Things You Need to Know About Debt Consolidation
What is debt consolidation? Simply put, it is the process by which all debts are consolidated (collated and aggregated) into a single repayment through a debt consolidation loan. According to market research, the average US household is in debt to the tune of $134,643. This debt is comprised of a combination of good debt and bad debt. The good debt comes in the form of student loans and mortgages, while the bad debt is typically from credit cards and automobile loans.
Unfortunately, all debt needs to be repaid at some point or another. And failure to make payment can have serious repercussions. For starters, collections agencies will start coming after you, liens and judgments could be issued against you, property and assets could be seized, and your credit score will invariably suffer the consequences. Getting blacklisted through non-payment of debt is a serious personal failure. It can have far-reaching repercussions for your household, family, job prospects, and ability to plan for the future.
The Debt Consolidation Alternative to Bankruptcy Filings
Fortunately, it isn’t necessary to file Chapter 7, Chapter 11, or Chapter 13 bankruptcy. Your get out of jail free pass may well be another lesser-known option – debt consolidation. Consider for a moment that the average US household is paying around $1,300 every year in interest payments alone. That money can be put to better use paying down the principal of loans, rather than interest repayments. The principal is the initial loan amount without interest that needs to be repaid.
The functionality of debt consolidation loans is worth discussing. A debt consolidation loan is a loan at a lower rate of interest than the current interest rate on the outstanding credit. There are several benefits to applying for these types of loans. Most notably, easier management of your financial affairs and debt obligations.
Since you are no longer dealing with multiple credit cards, personal loans and other lines of credit, you can aggregate all these debts into a single loan, known as a debt consolidation loan. This makes it much easier, and more cost-effective to manage your debts.
Perhaps the most important benefit of this type of loan is that you are actually paying less every month for your debts than before. Instead of allocating an increasing portion of your limited disposable income to the high APRs on credit cards, you can use the cost savings for an emergency slush fund for a rainy day. Or even better, use it to pay down the principal on the outstanding balances.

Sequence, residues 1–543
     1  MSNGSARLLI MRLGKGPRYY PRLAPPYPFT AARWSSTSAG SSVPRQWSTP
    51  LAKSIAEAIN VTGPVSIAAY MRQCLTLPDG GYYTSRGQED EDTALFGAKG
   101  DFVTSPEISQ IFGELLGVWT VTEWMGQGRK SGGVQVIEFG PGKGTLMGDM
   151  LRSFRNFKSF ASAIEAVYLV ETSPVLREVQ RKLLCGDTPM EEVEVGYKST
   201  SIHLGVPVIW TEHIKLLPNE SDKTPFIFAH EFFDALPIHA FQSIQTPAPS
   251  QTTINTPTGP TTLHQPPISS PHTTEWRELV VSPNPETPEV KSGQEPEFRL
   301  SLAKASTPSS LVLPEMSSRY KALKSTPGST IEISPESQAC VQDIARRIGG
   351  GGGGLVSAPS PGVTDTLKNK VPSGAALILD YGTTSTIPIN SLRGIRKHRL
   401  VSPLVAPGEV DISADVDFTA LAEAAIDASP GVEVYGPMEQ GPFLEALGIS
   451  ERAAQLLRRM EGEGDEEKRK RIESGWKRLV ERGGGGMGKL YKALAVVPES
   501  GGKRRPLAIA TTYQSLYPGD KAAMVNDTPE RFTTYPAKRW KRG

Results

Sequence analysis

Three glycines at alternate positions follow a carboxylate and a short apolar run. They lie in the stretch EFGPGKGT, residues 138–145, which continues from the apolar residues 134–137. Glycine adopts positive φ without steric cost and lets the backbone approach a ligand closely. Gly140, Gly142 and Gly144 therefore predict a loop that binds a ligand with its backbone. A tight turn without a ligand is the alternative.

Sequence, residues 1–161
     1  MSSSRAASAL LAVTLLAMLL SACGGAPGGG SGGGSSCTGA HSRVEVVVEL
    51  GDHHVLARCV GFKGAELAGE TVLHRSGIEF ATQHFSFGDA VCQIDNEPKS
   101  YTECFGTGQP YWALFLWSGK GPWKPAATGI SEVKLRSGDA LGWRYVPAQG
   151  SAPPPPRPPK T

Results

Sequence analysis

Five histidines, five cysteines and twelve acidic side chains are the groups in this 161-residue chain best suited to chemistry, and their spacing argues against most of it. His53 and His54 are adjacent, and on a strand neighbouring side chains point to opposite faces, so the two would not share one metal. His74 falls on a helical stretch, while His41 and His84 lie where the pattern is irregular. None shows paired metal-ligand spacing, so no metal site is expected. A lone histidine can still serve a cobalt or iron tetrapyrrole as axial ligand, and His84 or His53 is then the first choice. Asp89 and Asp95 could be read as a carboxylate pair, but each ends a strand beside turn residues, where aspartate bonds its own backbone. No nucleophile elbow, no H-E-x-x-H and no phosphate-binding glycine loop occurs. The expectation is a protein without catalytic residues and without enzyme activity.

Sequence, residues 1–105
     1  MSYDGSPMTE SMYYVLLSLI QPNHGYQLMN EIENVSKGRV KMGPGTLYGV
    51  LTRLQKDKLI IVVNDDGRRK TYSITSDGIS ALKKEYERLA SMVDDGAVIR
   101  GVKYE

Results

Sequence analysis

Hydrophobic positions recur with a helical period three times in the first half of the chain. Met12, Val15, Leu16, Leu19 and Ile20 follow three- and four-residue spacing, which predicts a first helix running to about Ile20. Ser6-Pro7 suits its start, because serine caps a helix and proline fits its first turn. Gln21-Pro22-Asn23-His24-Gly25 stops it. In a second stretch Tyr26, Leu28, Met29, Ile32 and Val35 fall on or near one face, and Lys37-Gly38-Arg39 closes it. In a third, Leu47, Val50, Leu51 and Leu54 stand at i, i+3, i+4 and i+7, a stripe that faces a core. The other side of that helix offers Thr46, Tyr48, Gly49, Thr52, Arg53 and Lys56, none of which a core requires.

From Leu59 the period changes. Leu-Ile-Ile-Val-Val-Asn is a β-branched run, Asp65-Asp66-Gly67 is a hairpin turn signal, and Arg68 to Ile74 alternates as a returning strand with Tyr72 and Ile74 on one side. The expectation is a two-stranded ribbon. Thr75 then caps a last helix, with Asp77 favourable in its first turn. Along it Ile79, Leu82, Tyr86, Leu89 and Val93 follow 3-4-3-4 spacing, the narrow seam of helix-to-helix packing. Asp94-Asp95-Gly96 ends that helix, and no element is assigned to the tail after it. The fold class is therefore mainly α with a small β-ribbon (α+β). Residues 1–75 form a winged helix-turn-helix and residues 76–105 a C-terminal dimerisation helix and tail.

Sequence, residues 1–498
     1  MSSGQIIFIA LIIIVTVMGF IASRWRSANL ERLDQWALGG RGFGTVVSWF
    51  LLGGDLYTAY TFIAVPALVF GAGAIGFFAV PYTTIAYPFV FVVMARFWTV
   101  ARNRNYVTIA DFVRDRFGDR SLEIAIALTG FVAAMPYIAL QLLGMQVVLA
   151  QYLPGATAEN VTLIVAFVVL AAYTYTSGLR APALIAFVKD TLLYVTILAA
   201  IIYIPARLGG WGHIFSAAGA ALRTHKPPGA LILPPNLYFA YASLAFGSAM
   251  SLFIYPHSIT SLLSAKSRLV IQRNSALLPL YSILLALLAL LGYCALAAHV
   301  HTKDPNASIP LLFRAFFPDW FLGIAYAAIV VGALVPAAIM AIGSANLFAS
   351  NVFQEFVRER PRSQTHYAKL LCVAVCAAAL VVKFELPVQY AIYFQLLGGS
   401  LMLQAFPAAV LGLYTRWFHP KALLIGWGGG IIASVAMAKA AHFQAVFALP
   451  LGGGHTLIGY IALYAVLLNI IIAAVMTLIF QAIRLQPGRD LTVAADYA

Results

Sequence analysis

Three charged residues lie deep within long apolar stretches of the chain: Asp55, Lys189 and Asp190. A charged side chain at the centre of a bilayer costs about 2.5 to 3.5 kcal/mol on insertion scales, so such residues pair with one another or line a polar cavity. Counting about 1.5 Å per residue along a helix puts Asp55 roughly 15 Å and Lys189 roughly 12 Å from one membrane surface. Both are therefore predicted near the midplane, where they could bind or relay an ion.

Don’t Delay with High APR Debt
Debtors who procrastinate beget nothing but financial misery and lower levels of personal disposable income. If you find yourself in a situation where it is difficult to repay your outstanding credit card debt, the first thing you need to do, is take decisive action. For starters, paying only the monthly account minimum is not recommended by debt management experts. It is recommended by credit card companies as a way to get you to pay more over a longer period of time.
If possible, you should at least double your monthly minimum. Or, if you have the funds available, repay the debt entirely (in full every month). It’s important to be honest when it comes to debt management. How much do you owe? What type of debt do you currently have? (credit card debt, personal loans, business loans, mortgages, auto loans, student loans, other debts)
Don’t be afraid of generating a single figure for all your debts. It’s foolhardy to look at individual accounts and be dismissive of them if the totals aren’t too high. Psychologists and debt management consultants recommend trying to understand the reasons why debt levels are rising. Retail therapy is one thing, but excessive overspending is an entirely different animal.
The first thing to do when debt levels become unmanageable is to stop spending. Cut up the credit cards, or put them in the freezer and ice them. When you have brought down your debt, you can slowly start using your cards again. However, the goal is to never return to a situation where you have to consult with financial experts for debt relief.